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Unit information: Physical Volcanology in 2020/21

Unit name Physical Volcanology
Unit code EASC30062
Credit points 10
Level of study H/6
Teaching block(s) Teaching Block 1A (weeks 1 - 6)
Unit director Professor. Rust
Open unit status Not open

Undergraduates: Successful completion of years 1 and 2 of the Environmental Geoscience, Geology or Geophysics degree programme curriculum

MSc Volcanology students: none



School/department School of Earth Sciences
Faculty Faculty of Science


This unit explores how volcanoes work. The overall aim is to develop an understanding of the physics of volcanic processes and apply this knowledge to understanding volcanic eruptions and the geology of volcanoes.

Topics such as the properties of magma and the kinetics of crystallization and vesiculation will be linked to the dynamics of various styles of volcanic eruptions. Students will learn how models built with basic physics, chemistry and fluid dynamics provide insights into how and why volcanoes erupt. They will also learn how to infer processes that occurred during volcanic eruptions from studying eruption products.

Finally, the field of volcanology will be related to other fields including climatology, petrology, engineering, natural resources and hazards.

Worked solutions and general feedback on practical assignments will be posted on Blackboard. Analogue experiments will be done in groups and formative feedback on the design, analysis and interpretation of the experiments will provided through small-group discussions with the unit director.

Intended learning outcomes

Students should be able to:

  • Describe and debate the fundamental principles that govern the different kinds of volcanic eruption
  • Classify, recognise and interpret major kinds of volcanic deposits within the framework of physical understanding of the processes that formed them
  • Apply fluid dynamics principles to volcanic processes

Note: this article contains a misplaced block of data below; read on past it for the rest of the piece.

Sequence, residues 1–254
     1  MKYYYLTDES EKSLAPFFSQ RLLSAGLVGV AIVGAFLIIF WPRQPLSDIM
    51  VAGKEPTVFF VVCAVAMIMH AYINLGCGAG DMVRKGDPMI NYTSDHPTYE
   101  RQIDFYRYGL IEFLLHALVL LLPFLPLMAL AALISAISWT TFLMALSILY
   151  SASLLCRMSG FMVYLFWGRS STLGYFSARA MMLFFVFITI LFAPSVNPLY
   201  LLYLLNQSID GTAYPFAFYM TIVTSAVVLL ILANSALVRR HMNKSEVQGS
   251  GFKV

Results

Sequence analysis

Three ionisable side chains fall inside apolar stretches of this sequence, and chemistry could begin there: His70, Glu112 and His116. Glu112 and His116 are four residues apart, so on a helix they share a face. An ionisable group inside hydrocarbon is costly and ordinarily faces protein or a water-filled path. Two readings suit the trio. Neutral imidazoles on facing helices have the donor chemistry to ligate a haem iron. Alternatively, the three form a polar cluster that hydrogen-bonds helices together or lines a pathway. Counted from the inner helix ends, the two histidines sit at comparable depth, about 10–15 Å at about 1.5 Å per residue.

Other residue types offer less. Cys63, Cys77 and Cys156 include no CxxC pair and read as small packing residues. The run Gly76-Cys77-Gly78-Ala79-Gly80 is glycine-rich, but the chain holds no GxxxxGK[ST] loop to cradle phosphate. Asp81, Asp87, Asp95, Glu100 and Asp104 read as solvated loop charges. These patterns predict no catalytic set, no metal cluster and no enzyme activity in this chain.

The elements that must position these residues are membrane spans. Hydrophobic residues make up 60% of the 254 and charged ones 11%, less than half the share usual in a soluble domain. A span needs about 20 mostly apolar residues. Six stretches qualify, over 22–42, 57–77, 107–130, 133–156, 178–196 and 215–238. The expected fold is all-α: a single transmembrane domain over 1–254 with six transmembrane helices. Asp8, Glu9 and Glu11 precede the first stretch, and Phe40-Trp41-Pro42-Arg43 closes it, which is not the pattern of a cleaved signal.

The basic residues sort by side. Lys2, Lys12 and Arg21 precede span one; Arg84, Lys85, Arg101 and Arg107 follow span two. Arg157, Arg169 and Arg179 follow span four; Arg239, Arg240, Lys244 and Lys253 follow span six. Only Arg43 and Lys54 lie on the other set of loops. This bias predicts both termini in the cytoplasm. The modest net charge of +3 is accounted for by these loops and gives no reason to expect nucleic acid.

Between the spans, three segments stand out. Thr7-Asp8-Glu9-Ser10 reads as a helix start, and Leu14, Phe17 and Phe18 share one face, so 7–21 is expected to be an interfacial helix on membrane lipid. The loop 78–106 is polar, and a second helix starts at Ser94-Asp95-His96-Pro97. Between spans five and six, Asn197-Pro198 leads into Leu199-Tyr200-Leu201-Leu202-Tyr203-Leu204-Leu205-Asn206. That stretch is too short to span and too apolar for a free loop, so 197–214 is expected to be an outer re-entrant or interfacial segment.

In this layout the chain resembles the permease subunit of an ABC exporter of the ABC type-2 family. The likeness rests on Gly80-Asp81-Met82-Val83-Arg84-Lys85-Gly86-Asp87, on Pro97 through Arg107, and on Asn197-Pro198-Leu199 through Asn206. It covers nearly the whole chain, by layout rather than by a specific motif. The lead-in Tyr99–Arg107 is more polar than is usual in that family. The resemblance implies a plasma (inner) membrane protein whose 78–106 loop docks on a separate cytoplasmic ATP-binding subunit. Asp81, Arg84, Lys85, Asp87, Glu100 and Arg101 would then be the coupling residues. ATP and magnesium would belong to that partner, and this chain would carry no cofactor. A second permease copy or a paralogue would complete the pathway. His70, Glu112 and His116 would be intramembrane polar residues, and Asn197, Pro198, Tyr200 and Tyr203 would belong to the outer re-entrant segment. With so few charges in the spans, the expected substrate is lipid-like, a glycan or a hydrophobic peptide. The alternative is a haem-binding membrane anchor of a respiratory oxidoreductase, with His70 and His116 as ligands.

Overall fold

• Relate volcanology to other topics in Earth Sciences such as climate, natural resources and petrology
  • Design and evaluate an experiment methodology to test a specific hypothesis using analogue materials
  • Recognise limitations of analogues and models
  • Evaluate data with computer programmes through calculations and plots

Teaching details

The unit will be taught through a combination of

  • asynchronous online materials and, if subsequently possible, synchronous face-to-face lectures
  • synchronous office hours
  • asynchronous directed individual formative activities and exercises
  • guided, structured reading
  • practical work in the laboratory

Students who either begin or continue their studies in an online mode may be required to complete laboratory work, or alternative activities, in person, either during the academic year 2020/21 or subsequently, in order to meet the intended learning outcomes for the unit, prepare them for subsequent units or to satisfy accreditation requirements.

Assessment Details

End-of-unit timed open-book examination (100%)

Reading and References


  • Sigurdsson, Houghton, McNutt, Rymer, Stix (2015), Encyclopedia of Volcanoes 2nd edition, Elsevier. ISBN:9780123859389
  • Parfitt and Wilson (2008) Fundamentals of Physical Volcanology, Blackwell, 256pp

Further Reading

Relevant journal articles will also be included on Blackboard.